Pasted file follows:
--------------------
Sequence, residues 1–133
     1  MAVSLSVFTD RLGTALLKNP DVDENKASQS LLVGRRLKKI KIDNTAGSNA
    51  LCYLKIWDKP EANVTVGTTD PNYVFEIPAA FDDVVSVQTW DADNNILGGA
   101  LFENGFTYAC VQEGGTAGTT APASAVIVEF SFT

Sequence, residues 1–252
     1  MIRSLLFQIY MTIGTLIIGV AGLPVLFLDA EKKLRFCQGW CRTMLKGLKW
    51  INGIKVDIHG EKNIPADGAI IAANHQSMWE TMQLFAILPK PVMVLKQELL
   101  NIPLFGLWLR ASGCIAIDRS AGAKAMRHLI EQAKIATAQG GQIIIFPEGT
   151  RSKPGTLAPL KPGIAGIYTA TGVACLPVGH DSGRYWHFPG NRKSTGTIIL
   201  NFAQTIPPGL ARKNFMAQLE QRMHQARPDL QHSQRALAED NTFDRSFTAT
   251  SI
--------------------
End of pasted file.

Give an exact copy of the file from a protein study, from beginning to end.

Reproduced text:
Sequence, residues 1–133
     1  MAVSLSVFTD RLGTALLKNP DVDENKASQS LLVGRRLKKI KIDNTAGSNA
    51  LCYLKIWDKP EANVTVGTTD PNYVFEIPAA FDDVVSVQTW DADNNILGGA
   101  LFENGFTYAC VQEGGTAGTT APASAVIVEF SFT

Sequence, residues 1–252
     1  MIRSLLFQIY MTIGTLIIGV AGLPVLFLDA EKKLRFCQGW CRTMLKGLKW
    51  INGIKVDIHG EKNIPADGAI IAANHQSMWE TMQLFAILPK PVMVLKQELL
   101  NIPLFGLWLR ASGCIAIDRS AGAKAMRHLI EQAKIATAQG GQIIIFPEGT
   151  RSKPGTLAPL KPGIAGIYTA TGVACLPVGH DSGRYWHFPG NRKSTGTIIL
   201  NFAQTIPPGL ARKNFMAQLE QRMHQARPDL QHSQRALAED NTFDRSFTAT
   251  SI